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Comments

  1. Wow…. my husband and I are legitimately married we are both young but we are a real marriage. And it’s only Wednesday and I can’t remember what I ate Sunday and my husband can barely remember what he ate yesterday lol

  2. Carlose gm what if a guy married a girl from another country and when she came to the usa she live with him for two months and one day she pack her close and moved out with her daughter, note he brough her daughter too the same time, he didnt adopt the daughter. However the moved to another state without telling him is he still has to support them? What she did is more like desertion.

  3. It’s so true most couple are real marriage but never pay attention about the interviewer, no wonder so many case are denied in Los Angeles office.

  4. Hi Mr Carlos, thank you so much for the valuable information. My question to you is that; I have a GC-EAD and I wanna travel overseas, do you think it’s okay to travel without any issues at the border protection?? If so, is there any specific documents I have to carry with me when I travel?

  5. Hello ,i have a question if one of us don't speak English that much ,and i don't have a translator.what should i do?

  6. Here is a real question. Me and wife are both US citizens, have been even before we got married, we have 2 kids. Are they going to question us like this?

  7. Is eloping a red flag? Not everyone has the money to have a “big wedding” and eloping may be like a better idea. I, myself, would rather use the wedding money for a down payment on a home..

  8. Mr Carlos what about the marriage is real but both parents are overseas, also decided not to invite friends but 2 friends only

  9. Me , my wife and 2 kids live with her mom and dont have joint accounts or bills except cell and car insurance together does that help ? Or do we have to have joint accounts and all the stuff ?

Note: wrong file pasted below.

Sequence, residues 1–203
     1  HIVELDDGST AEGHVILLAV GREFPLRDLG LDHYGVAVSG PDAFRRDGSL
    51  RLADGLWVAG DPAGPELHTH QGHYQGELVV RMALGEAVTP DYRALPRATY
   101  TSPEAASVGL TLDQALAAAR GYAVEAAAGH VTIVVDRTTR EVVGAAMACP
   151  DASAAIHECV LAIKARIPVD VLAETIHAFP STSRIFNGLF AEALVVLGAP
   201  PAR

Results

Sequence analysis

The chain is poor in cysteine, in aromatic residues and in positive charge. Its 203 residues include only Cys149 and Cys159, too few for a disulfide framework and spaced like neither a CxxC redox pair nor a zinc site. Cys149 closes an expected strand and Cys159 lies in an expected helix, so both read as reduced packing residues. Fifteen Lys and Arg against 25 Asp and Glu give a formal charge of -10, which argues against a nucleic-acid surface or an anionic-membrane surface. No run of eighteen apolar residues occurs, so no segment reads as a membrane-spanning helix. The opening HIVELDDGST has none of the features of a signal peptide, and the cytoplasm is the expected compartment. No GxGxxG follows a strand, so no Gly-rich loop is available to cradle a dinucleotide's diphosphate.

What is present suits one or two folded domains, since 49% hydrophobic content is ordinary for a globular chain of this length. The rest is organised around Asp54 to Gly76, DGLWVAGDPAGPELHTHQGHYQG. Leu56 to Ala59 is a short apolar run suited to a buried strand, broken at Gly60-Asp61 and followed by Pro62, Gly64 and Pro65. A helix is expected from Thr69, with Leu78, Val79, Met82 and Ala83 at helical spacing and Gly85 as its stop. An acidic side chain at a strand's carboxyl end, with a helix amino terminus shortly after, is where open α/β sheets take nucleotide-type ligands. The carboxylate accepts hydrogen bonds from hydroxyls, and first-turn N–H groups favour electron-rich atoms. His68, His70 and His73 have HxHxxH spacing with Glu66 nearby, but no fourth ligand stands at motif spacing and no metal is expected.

10. My husband has an interview coming soon, is it necessary for myself to go, since the letter said it wasn't necessary for me to go. What would you recommend.

  11. Bedroom questions, we sleep in separate rooms, I go to bed early and she doesn't get home from work until 11 pm and doesn't want to disturb me. I am 70 yr old and got married for companionship, I think a lot of oldsters do.

  12. Hello mr Carlos my name is David am from Nigeria.. and really I decided to comment on this video cos I see what u re saying as making sense..now America mostly feel so awful about Nigerians… they always feel we are all fraud and bad people.. now I want you to know me as a person am interested in your green cards am only interested in the woman my heart truly beats for. … that's my ray ray. .. how easy and possible can it be for me to come visit her.. cos she coming to me first will take us a lot of money that we dont have right now… we are trying to build our lifes… and it's so hard for to get out there.. your country is about to take my biggest happiness from me…. I dont need a green card am not interested in being an American citizen over my dead body …I just need my love now how possible is that sir? How just please give me or tell me it's possible…. thank you mr carlos

  13. It was just me and the ordain because we are expecting to do something bigger in my country. Will they give us or listen to our explation